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acid action alcohol allowed amount applied arteries bacteria becomes bladder blood body boiling bone called carried catheter cause cells clean closed clothing cold complete condition containing cover diet disease disinfection dose dressing drugs effect equipment examination Figure fluid fracture frequently give given glands hand head heart heat hospital increase infection injury intestine keep lower means method minutes mouth muscle necessary needle nerve normal nurse occur operation ordered organs oxygen pain patient percent person placed position prepared pressure prevent procedure produce record removed result rubber severe sheet side signs skin solution spinal steam sterile stimulate stomach supplies surface symptoms taken technician temperature tion tissue towel treatment tube turned unit urine usually vessels walls ward officer washed wound
Page 169 - With arms held straight, swing forward slowly, so that the weight of your body is gradually brought to bear upon the patient. The shoulder should be directly over the heel of the hand at the end of the forward swing.
Page 168 - ... concussion of the brain. Being under water for four or five minutes is generally fatal, but an effort to revive the apparently drowned should always be made, unless it is known that the body has been under water for a very long time. The attempt to revive the patient should not be delayed for the purpose of removing his clothes or placing him in the ambulance. Begin the procedure as soon as he is out of the water, on the shore or in the boat. The first and most important thing is to start artificial...
Page 60 - Anatomy of the liver. — The liver is the largest gland in the body. It is of a reddish brown color and weighs about three and one half pounds.
Page 78 - ... consists of 12 pairs of cranial nerves and 31 pairs of spinal nerves and their associated ganglia.
Page 469 - Tetanus 1. Recognition of the disease. — An acute infectious disease caused by the toxin of the tetanus bacillus; characterized by painful muscular contractions, first and principally of the masseter and neck muscles, and secondly those of the trunk; rarely the rigidity ia confined to the region of the injury.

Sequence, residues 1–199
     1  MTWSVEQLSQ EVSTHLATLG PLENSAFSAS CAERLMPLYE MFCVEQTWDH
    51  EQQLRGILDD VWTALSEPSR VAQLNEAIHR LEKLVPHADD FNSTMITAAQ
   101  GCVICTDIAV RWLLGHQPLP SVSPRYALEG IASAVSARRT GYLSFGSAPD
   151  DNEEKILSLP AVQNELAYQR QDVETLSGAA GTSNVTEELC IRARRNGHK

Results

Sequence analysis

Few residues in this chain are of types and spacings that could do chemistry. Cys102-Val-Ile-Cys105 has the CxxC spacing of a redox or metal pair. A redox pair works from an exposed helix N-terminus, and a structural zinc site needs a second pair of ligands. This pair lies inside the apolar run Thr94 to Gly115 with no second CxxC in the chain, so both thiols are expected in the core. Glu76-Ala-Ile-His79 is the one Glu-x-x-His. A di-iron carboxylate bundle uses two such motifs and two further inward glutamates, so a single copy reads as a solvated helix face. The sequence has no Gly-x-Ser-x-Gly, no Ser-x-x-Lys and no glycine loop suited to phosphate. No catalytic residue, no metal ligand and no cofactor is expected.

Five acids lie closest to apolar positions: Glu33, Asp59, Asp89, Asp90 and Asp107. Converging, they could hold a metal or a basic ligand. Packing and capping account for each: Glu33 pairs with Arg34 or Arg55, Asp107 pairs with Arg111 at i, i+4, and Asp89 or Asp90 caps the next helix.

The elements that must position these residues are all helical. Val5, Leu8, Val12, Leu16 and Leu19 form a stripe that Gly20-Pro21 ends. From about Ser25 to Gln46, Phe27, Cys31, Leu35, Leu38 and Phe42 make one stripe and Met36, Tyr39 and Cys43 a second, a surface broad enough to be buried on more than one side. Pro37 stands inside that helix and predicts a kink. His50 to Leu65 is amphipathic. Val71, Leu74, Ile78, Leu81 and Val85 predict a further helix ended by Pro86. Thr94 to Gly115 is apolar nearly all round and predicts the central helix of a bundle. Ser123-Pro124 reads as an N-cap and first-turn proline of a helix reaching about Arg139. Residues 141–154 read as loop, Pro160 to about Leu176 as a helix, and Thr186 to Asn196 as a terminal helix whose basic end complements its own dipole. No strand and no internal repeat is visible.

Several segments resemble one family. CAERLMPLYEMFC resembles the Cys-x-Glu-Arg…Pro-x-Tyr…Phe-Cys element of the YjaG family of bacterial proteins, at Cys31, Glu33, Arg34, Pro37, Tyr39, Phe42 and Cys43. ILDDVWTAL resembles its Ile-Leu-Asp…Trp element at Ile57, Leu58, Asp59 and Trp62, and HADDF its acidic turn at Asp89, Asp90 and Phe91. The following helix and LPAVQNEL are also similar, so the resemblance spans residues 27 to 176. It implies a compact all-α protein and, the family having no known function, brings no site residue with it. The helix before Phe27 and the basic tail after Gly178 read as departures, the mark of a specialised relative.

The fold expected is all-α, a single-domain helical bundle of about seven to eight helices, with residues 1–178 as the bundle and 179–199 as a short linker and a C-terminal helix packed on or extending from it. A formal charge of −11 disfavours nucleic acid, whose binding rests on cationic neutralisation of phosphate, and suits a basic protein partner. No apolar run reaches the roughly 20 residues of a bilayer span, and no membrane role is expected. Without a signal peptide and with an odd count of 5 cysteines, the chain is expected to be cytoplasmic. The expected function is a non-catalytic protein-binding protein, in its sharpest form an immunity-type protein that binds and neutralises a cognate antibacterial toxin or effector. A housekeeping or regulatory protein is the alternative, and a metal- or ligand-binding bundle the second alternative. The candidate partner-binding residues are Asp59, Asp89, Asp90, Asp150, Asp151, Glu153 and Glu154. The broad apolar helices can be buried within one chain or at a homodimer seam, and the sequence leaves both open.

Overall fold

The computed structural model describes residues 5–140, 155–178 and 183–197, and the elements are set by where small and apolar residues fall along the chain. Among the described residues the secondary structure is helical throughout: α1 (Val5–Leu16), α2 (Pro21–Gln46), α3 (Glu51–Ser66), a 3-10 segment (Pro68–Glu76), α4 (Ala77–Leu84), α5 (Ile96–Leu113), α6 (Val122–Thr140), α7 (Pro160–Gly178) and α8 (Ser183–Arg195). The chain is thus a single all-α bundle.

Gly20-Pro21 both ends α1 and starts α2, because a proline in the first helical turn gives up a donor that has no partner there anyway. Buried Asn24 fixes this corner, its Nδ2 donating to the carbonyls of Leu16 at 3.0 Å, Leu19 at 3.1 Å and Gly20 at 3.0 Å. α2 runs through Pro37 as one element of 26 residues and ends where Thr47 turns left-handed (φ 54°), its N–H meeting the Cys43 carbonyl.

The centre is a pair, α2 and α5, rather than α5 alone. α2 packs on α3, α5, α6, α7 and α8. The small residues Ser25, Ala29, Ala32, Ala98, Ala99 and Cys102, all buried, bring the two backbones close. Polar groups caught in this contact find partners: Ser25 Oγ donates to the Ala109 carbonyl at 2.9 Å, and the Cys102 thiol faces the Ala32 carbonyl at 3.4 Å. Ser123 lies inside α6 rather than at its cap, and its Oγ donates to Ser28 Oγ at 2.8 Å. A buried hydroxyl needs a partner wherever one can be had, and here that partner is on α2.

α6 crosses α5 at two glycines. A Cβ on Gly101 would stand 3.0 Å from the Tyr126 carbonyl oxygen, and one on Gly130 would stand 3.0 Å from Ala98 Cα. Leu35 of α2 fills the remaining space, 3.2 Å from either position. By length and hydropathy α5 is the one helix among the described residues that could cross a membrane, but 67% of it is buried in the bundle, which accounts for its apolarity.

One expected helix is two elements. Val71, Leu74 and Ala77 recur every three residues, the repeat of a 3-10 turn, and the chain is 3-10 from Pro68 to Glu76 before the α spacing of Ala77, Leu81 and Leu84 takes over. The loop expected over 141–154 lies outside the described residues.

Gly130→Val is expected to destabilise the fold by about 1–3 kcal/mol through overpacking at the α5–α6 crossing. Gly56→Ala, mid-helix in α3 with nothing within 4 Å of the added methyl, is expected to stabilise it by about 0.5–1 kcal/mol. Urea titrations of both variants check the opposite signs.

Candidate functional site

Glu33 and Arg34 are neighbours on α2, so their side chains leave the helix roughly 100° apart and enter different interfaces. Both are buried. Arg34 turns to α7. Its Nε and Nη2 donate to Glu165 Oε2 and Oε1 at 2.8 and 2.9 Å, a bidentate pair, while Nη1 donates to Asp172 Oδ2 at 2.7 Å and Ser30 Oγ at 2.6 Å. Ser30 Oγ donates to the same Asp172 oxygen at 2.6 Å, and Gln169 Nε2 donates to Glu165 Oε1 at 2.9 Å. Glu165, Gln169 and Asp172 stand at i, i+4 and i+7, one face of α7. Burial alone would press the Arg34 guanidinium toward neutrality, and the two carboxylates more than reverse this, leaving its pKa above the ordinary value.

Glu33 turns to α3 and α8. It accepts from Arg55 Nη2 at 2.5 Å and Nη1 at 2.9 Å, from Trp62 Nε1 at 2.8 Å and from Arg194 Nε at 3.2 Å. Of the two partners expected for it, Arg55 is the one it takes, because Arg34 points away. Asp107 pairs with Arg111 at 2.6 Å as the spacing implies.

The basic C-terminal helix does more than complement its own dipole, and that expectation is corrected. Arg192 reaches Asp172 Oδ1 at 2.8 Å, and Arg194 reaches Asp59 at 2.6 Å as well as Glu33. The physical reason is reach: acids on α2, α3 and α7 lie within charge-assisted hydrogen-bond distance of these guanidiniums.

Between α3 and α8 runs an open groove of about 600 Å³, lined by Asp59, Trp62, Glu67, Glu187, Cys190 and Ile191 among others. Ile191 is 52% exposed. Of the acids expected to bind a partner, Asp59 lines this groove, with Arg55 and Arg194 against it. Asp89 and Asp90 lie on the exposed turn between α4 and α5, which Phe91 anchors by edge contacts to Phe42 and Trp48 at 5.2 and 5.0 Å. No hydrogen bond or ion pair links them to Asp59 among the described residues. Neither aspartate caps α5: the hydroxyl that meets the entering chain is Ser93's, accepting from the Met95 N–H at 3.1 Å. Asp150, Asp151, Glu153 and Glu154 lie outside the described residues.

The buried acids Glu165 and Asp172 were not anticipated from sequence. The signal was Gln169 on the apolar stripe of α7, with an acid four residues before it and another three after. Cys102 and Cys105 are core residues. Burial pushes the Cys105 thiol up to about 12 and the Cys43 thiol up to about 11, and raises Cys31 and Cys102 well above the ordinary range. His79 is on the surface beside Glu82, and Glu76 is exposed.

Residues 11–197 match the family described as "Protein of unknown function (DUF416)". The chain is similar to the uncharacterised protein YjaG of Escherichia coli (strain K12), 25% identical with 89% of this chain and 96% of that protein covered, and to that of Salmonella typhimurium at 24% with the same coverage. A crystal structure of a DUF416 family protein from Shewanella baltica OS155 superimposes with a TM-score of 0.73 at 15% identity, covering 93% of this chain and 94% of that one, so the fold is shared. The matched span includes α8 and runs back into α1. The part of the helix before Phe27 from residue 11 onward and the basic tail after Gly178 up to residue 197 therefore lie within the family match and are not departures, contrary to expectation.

Page 85 - In mammals it is composed of three parts, the external ear, the middle ear, and the internal ear ; and its structure is as follows : (Fig.
Page 87 - ... as soon as possible what has to be done and which one of the patient's injuries needs attention first. 5. Keep the patient comfortable. This can be done while the patient's injuries are being cared for. A blanket over the patient may do him as much good as the dressing one applies to his wounds. 6. Avoid allowing the patient to see his injury. Assure him that his injuries are understood and that he will get good care. In some cases a cigarette will make a patient feel better. These little things...
Page 159 - In epilepsy there may be fits with insensibility, or a mere momentary unconsciousness with slight muscular twitching, but in which the patient does not fall. In the severe form, with or without warning signs, the person suddenly cries out in a peculiar manner and falls in a fit ; at first the entire body is rigid, then there are general convulsions with jerking of the limbs, contortion of the face, and foaming at the mouth. After a few minutes the convulsions are followed by profound stupor, and...
Page 160 - The face is flushed, the pulse is first full and rapid then feeble and slow, and the respirations are deep. The pupils usually are dilated and the breath has the heavy odor of alcohol. Ordinary intoxication rarely requires any treatment besides rest and sleep. If the patient is in an exhausted state, it is well to wash out the stomach, then cover him warmly and apply heat to the extremities. If coma is present, try to arouse the patient by cold douching or striking with wet towels. If the pulse is...